It is very likely that HLA molecules confer susceptibility to MS and other autoimmune diseases through presentation of particular disease-promoting peptides to T cells. The sequence of events depicted in Figure 1 implies that genes involved in controlling T-cell activation, as well as cellular migration and blood–brain barrier function, may all contribute to the development of MS. This is exemplified by mice that have altered susceptibility to spontaneous or induced experimental autoimmune diseases due to dysregulation of the T-cell activation process,14,15 chemokine-regulated cellular migration,16,17 or altered blood–brain barrier function.18 In the search for novel candidate genes in MS that are expressed in activated T-cells, we previously identified and cloned the TSAd encoded by the SH2D2A gene.19

The SH2D2A Gene Is Located in a Chromosomal Region Regulating Experimental Demyelinating Disease

The SH2D2A gene in the mouse is located within Eae3, a chromosomal region that has been implicated in genetic susceptibility to EAE in the mouse.20,21 Eae3 harbours multiple genes of immunological relevance, including SH2D2A. However, as yet the susceptibility gene within Eae3 has not yet been identified.

Polymorphisms in the SH2D2A Gene

There are several potentially functionally relevant polymorphisms within the SH2D2A gene. In the SH2D2A promoter, there is a highly polymorphic dinucleotide (GA) repeat located -345 basepairs (bp) upstream of the first coding ATG.22 Genotypes homozygous for short alleles of this GA repeat appear to be associated with reduced expression of TSAd in activated primary CD4+ T cells.23 In the coding sequence of the SH2D2A gene there is a non-synonymous single nucleotide polymorphism (SNP) that results in an amino acid change from serine to asparagine (S52N). The frequency of the minor allele (A) of this SNP (rs926103) has been found to range from 0.125 to 0.767 in different populations, with Africans south of the Sahara displaying the highest and Asians the lowest frequencies. The serine in position 52 is a potential phosphorylation site, located N-terminal to the SH2 domain of TSAd. It has previously been shown that phosphorylation of a serine N-terminal to an SH2 domain may influence the specificity of the SH2 domain for its tyrosine phosphorylated ligands.24 An intriguing possibility is thus that the S52N polymorphism might affect the function of TSAd through modulation of its SH2 domain specificity.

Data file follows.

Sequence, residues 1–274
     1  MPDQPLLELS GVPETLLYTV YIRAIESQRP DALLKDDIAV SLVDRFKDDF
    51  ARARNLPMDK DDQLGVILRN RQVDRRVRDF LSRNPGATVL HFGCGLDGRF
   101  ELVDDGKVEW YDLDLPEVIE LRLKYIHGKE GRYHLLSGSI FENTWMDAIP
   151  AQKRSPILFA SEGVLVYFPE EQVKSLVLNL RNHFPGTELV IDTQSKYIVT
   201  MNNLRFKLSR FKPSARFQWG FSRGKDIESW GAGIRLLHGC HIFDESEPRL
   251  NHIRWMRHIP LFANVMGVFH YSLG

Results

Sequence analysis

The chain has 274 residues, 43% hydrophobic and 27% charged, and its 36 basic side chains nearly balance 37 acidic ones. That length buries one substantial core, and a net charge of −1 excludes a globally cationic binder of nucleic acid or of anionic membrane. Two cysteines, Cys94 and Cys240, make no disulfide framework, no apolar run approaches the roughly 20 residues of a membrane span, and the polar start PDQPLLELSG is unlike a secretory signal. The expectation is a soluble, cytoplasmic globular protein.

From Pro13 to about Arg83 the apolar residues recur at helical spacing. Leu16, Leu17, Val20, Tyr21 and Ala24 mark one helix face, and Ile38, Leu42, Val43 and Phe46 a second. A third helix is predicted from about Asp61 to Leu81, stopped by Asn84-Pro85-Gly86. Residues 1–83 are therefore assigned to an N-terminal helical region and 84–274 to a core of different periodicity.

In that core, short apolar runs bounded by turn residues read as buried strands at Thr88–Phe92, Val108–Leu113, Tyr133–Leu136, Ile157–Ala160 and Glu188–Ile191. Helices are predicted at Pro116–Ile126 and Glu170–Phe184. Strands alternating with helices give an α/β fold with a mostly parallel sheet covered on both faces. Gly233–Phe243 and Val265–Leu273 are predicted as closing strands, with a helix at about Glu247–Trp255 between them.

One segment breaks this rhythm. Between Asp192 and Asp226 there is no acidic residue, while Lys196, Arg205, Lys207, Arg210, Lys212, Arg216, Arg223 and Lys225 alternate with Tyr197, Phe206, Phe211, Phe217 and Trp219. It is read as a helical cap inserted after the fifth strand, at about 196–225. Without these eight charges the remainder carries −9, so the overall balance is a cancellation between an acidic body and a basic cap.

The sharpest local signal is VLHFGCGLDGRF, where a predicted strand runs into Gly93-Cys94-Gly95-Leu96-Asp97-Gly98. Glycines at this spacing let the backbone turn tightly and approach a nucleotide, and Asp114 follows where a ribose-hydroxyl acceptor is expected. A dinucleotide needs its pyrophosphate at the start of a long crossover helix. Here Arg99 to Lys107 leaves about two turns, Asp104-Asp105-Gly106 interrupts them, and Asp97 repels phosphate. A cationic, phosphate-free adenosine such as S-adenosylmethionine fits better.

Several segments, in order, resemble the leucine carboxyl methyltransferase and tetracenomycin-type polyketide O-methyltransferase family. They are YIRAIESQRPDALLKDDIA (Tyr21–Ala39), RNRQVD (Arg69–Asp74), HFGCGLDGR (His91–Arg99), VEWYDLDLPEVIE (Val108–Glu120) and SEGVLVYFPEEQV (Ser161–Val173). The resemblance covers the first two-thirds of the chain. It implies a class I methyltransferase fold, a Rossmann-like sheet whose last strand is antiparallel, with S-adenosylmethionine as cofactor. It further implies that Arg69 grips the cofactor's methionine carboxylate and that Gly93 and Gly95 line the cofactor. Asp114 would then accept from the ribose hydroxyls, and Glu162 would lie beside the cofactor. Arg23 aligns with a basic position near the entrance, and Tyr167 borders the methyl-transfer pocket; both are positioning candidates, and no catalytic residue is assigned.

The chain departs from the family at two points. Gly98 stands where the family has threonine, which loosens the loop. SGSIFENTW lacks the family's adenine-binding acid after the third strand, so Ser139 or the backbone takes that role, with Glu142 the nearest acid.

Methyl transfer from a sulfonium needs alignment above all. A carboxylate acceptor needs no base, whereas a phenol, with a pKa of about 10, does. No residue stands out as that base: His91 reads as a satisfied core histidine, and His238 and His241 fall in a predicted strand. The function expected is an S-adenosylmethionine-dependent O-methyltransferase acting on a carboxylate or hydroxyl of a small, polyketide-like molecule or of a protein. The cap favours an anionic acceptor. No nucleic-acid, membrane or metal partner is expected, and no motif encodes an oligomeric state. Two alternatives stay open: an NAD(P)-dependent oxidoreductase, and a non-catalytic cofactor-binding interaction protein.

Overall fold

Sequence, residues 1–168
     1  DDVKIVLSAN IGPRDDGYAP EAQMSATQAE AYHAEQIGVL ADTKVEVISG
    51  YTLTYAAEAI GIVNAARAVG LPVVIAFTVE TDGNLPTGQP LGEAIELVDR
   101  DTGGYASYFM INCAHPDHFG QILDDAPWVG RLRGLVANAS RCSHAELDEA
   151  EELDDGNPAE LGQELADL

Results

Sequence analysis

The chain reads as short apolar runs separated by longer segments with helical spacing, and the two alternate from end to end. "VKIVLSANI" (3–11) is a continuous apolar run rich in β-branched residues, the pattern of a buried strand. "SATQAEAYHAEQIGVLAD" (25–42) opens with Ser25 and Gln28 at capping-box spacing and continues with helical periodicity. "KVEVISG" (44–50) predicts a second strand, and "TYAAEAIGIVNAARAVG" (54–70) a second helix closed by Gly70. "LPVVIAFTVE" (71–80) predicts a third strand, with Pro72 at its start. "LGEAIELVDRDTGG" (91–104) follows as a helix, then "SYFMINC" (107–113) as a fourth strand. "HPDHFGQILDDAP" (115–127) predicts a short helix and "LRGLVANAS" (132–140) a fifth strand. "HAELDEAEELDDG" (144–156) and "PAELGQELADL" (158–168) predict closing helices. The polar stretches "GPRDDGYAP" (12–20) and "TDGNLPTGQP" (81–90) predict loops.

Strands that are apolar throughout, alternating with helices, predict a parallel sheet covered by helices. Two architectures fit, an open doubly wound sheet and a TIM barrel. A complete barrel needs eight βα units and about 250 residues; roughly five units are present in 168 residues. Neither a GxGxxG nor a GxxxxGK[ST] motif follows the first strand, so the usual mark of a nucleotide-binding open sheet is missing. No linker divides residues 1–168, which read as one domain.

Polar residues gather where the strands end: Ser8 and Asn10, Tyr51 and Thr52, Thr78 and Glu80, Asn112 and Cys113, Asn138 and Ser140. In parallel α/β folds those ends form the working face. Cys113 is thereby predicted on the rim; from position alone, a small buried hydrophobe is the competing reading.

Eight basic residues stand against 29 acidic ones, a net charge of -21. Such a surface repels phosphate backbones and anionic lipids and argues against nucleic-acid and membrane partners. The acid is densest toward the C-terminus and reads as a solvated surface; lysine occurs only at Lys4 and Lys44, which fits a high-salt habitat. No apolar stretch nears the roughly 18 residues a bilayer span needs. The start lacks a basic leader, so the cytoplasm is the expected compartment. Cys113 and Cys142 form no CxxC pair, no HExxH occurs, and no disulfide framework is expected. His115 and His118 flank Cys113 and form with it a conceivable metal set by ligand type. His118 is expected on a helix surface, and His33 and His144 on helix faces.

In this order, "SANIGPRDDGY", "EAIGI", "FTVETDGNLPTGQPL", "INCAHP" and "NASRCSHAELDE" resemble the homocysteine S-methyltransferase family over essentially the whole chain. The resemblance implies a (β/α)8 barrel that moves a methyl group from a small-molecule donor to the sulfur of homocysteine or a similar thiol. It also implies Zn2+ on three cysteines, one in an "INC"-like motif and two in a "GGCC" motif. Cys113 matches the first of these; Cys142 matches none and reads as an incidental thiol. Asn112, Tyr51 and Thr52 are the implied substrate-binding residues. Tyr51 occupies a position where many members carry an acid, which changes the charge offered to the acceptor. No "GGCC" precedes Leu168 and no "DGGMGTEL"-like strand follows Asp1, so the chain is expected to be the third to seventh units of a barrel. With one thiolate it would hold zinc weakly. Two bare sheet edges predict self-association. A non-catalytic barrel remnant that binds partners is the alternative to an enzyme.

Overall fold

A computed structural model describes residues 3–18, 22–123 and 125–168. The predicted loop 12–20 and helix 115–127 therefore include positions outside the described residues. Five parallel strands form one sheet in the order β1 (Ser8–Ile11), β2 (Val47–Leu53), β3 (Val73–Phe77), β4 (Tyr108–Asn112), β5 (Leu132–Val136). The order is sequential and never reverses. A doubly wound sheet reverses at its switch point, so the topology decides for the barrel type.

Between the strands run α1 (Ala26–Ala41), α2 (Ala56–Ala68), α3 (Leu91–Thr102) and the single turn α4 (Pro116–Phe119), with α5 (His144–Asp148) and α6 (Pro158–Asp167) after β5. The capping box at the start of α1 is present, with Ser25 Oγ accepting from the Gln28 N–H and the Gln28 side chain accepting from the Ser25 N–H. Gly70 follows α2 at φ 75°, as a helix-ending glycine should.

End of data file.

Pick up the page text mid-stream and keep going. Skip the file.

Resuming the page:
SH2D2A Is Associated with Multiple Sclerosis

Initially, the GA repeat polymorphism in the human SH2D2A gene promoter was found to be associated with MS23 and juvenile rheumatoid arthritis.25 A further assessment of this association in MS patients from Scandinavian populations revealed that a haplotype of the GA16 repeat allele in the SH2D2A promoter and the N52 allele of SNP rs926103 was associated with MS among Norwegians and possibly also among Danes.26 A meta-analysis of all published gene expression studies in MS patients and controls compared with available linkage data revealed that SH2D2A gene expression in peripheral blood lymphocytes has been found to be reduced in MS patients.27 Thus, alteration in SH2D2A gene expression or function may be involved in MS.